The first bout of illness

I once read a travel blog from a solo traveler that said she never ever gets lonely when she travels with one exception: when she’s sick. She was right. There’s nothing more lonely than having to deal with an illness while away from home. You feel vulnerable and exhausted and sometimes it can feel like the only thing that will make it better is being back home in a comfortable setting to make that horrible awful feeling feel slightly less horrible and awful. Early in training, Matt, a RPCV in our Vanuatu group, shared with us the three things that all PCVs will end up discussing at each and every reunion throughout their service and after: sex stories, weird illnesses, and pooping. Here’s a story about the last one.

Saturday I felt ill at night and into the morning. Maybe it was the malaria meds or maybe the combo of kava and meds. All I know is it was queasiness that led into nausea that led into… you guessed it, diarrhea.

But then, I was fine. Sunday afternoon and evening? Fine. Monday and Tuesday, fine. Well, until after dinner. I took my malaria meds and stayed up to write a bit and felt the queasiness settle in. Eventually I went to bed, and the next morning I awoke at three am with stomach pains and the dread of realizing that three more hours remained until my alarm was to go off. Once awake, I began the immediate pattern of running to the bathroom, drinking water, eating bread, running to bathroom, drinking water, eating bread and on and on again throughout the day.

It was the first day we went to the local schools to observe teaching. I did a lot of observing of the inside of the Women’s faculty bathroom door. When we retuned to Epau and had an afternoon of Bislama lessons, I was slipping away every fifteen minutes to jog to the nearest bathroom that flushed.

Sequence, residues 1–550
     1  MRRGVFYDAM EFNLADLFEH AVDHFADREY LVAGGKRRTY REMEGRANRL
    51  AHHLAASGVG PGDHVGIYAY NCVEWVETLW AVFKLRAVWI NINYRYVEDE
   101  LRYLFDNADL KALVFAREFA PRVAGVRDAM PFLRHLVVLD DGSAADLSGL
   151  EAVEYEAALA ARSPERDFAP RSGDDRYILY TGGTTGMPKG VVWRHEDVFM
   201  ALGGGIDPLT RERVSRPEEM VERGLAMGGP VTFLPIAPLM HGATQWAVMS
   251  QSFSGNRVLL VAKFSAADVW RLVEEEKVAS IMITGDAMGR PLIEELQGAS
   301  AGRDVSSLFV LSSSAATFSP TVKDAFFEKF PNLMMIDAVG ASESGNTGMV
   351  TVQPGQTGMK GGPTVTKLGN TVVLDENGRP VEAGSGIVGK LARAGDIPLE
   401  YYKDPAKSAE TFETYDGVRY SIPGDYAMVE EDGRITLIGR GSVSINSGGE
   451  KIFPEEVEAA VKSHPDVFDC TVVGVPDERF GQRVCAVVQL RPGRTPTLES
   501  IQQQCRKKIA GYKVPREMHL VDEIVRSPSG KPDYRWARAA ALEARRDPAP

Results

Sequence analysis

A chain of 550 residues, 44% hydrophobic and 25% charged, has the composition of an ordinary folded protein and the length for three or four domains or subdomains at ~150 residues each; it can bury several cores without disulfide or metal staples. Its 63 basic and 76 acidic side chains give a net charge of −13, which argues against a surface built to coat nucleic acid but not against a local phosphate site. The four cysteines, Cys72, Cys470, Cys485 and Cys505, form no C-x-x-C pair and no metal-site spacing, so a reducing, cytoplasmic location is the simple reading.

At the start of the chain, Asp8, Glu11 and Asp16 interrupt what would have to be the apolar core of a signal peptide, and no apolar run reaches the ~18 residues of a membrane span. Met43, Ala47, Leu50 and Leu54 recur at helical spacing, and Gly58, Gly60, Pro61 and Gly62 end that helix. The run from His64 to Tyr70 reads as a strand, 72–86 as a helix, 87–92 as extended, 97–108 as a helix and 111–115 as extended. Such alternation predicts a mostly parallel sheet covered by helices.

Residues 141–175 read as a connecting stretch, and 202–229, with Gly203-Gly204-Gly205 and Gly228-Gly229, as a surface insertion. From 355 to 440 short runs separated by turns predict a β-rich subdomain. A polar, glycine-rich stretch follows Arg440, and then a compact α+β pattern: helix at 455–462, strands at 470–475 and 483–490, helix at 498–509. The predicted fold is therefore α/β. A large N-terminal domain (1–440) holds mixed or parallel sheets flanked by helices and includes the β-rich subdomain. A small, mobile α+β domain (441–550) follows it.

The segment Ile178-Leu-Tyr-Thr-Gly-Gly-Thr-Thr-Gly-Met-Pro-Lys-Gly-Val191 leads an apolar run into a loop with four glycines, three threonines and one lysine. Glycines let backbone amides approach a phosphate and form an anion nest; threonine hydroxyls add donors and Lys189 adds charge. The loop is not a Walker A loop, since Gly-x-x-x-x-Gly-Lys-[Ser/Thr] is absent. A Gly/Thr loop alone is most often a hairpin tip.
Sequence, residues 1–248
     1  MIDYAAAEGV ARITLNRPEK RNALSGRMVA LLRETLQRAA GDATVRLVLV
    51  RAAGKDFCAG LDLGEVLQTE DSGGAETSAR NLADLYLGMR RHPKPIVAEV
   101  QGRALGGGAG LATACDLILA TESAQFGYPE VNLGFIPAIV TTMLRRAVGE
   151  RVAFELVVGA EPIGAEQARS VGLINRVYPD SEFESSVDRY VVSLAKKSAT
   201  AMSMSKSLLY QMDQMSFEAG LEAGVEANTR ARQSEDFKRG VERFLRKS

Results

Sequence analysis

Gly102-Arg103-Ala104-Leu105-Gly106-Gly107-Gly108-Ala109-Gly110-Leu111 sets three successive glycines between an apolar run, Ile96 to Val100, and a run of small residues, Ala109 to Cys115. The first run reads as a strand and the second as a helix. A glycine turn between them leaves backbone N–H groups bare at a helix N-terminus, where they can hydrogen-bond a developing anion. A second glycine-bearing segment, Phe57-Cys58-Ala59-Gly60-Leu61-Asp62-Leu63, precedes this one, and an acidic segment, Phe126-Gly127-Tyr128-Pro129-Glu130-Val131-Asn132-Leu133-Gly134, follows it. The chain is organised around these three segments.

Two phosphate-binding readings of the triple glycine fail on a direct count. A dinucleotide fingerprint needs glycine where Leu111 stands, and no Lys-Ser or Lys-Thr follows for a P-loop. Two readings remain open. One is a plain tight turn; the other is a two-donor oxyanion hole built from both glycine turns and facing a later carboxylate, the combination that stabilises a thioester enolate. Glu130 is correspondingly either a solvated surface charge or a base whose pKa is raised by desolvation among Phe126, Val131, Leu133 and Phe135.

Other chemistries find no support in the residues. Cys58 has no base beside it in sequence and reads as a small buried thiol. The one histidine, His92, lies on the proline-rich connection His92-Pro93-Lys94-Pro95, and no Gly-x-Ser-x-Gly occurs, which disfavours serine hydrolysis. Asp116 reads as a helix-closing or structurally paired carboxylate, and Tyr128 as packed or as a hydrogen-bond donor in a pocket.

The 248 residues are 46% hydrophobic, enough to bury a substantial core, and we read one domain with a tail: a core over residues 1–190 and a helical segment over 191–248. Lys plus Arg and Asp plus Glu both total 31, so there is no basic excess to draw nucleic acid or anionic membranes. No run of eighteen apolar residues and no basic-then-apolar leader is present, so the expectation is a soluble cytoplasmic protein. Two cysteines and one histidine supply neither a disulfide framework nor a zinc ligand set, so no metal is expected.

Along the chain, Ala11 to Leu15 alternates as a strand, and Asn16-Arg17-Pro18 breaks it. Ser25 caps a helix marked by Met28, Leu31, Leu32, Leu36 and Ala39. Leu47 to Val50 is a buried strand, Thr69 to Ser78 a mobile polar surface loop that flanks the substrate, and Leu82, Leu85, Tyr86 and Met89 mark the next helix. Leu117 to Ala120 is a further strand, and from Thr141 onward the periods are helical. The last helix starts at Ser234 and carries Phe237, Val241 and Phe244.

So, with all of that said, you may have guessed these last 24 hours have been miserable. That they have. But I was never alone. I am thankful this all has been happening to me during training, when all the resources and contacts are here to help me survive through this in a foreign land with foreign bathrooms. The comforts of home are undeniably absent, but I’ve learned to appreciate the simplest of gestures in these uncomfortable moments.

First there was Tristan, who, while we were observing at the local school, offered me his bread to “harden up the stools” as he put it so bluntly.

Charlie, who, without knowing the details of my situation, asked if I was “still feeling shitty” and provided Tristan and me with a pun-induced chuckle.

Colleen, who offered support via texts all the way from Pele.

Vanna, who gently combed my hair as I tried to sleep during the car ride from the school back to the village, a much-needed touch from home.

The random village mama at the nakamal, who offered me a nearby flushing house toilet instead of the usual, non-flush pit toilet, to use during my troubled times.

Annalisa, who offered up the option to stick her finger down my throat to force me to vomit if I needed it because she did it once for a friend and while it was only that one time, nothing grosses her out anymore.

Our language and cultural trainers, who continually asked me how I was feeling throughout the day and checked to see if the doctor got me all I needed.

The doctor, who was available on speed dial to instruct me on what I needed to start using out of my medical kit.

Angela, my little drug gopher, who ran to her house during lunch to get me all the medical kit drugs that the doctor recommended because I felt like I was dying and my house was too far up the road for me to walk.

Thomas D, our PC volunteer leader, for calling me before bed to see if I had all the medicine in my own medical kit and if he needed to run up the road to drop off any extras. Or, to see if he “could offer anything at all, including stomach punches" if I so wished (I definitely did not wish).

My host sister, for accepting that today was just not a big day for kakae, and providing me with fresh coconut water and slices of local bread for breakfast, lunch and dinner. And also for accepting that my Bislama knowledge was thrown out the window completely with my weak body and mind.

My host brother, for hooking up additional lights to face the outhouse near my home so I can see in the dark, and for putting a bucket of water and a bar of soap nearby so I didn’t have to walk across the property to wash my hands in the middle of the night every single time I used the bathroom.

And finally, every single trainee and staff that has checked in on me, simply asking if I’m doing alright or feeling okay or offering to get me anything at all.

Thank you, everyone. It really sucks when you’re sick, but being away from home it can feel so much worse. I’m glad I’ve found a home here with everyone I’ve met so far.


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